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Charles Walker & Johnny Jones




Vocalist Charles Walker's discography spans more than 40 years, and on his first release--1959's "Slave to Love," on the Champion label--one of the backing musicians is guitarist Johnny Jones. Though Walker has never had a hit, singles from his early stints on blues and R & B imprints like Fury and Chess are prized by collectors. He spent most of the 80s in Europe, where American soul survivors are idolized; then in 1993 he returned to his hometown of Nashville and hooked up again with Jones. The two have yet to release a disc as a duo, but Jones guests on Walker's first stateside full-length, last year's Leavin' This Old Town (Cannonball). Walker is at least 60, but he sings in a high-pitched, adolescent-sounding voice that doesn't always stand up to the blues--on "Homewrecker Legs" ("Lookin' so hot she can melt cold steel / She knows how to move in a pair of high heels") he comes off like a horny teenager, and over the slow grind of "The Monkey Song" his double entendres ("You can have anything you want / If you just shave that monkey clean") sound merely puerile. On more emotionally sophisticated material, though--like "Make It Rain" and the misty blue "The Very Thing That Makes You Rich"--his trembling, boyish vulnerability works with the lyrics, not against them, and he sounds convincingly plaintive and desperate. Like Walker, Jones has a high tenor voice, but his timbre is thicker and more textured. And though his string-bending guitar style is clearly post-King (both B.B. and Albert), his fierce attack and shivering sustains give his playing a rootsy, jukey feel. On his debut under his own name, 1998's I Was Raised on the Blues (Black Magic), he covers an impressive emotional range: on "I Done Did That Already" the arcing structure of his solo reflects the good-natured, optimistic lyrics, but "Groove Thing," despite feel-good lines like "Ain't no need to worry, when you find it you will know," is a lurking, minor-key grinder, with Jones's guitar biting off shards of the melody and gnawing them to shreds. For these shows Jones and Walker will be backed by a four-piece organ combo and take turns as front man. "Nothing a Young Girl Can Do," their vocal duet on Walker's disc, is a good taste of what the sets might sound like: Walker soars in high harmony, and Jones, with his more nuanced croon, plays the voice of experience, telling his callow-sounding partner to choose a dependable older woman over a seductive but dangerous girl. Friday and Saturday, May 11 and 12, 9:30 PM, Rosa's Lounge, 3420 W. Armitage; 773-342-0452.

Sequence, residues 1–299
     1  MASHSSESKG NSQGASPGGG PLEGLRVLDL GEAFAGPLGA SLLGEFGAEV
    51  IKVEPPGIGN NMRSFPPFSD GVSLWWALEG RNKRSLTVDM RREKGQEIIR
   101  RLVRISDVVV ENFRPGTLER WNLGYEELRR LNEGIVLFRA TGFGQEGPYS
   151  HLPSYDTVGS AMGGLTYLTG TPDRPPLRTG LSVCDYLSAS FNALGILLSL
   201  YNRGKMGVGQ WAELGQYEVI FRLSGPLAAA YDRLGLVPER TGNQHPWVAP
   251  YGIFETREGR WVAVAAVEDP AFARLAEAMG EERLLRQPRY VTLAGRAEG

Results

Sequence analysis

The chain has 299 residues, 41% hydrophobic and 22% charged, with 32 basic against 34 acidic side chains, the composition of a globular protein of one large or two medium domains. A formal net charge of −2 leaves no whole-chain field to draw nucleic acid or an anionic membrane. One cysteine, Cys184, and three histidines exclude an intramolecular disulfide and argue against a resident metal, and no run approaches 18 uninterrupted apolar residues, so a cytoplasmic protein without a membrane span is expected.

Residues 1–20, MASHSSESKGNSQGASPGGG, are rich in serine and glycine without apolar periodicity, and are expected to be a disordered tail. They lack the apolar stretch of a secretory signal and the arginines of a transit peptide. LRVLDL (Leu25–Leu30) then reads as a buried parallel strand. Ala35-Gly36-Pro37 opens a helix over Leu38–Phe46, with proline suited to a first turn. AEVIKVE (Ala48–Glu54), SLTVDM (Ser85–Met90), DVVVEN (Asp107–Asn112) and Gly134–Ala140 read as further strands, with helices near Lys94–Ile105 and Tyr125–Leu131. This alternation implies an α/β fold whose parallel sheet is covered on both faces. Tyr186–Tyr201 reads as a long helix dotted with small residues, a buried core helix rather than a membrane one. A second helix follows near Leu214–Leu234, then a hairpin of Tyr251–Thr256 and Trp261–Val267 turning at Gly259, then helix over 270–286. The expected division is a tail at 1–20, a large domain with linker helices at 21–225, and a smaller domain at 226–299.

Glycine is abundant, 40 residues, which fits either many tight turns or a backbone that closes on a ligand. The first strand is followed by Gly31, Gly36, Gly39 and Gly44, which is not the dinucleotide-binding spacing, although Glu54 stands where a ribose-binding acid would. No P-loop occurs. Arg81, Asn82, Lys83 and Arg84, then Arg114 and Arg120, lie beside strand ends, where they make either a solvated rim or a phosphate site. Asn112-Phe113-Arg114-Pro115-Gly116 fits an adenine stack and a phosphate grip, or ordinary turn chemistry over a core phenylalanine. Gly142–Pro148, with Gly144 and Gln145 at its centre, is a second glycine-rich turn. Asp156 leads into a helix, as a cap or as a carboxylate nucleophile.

Art accompanying story in printed newspaper (not available in this archive): photo/Rusty Russell.

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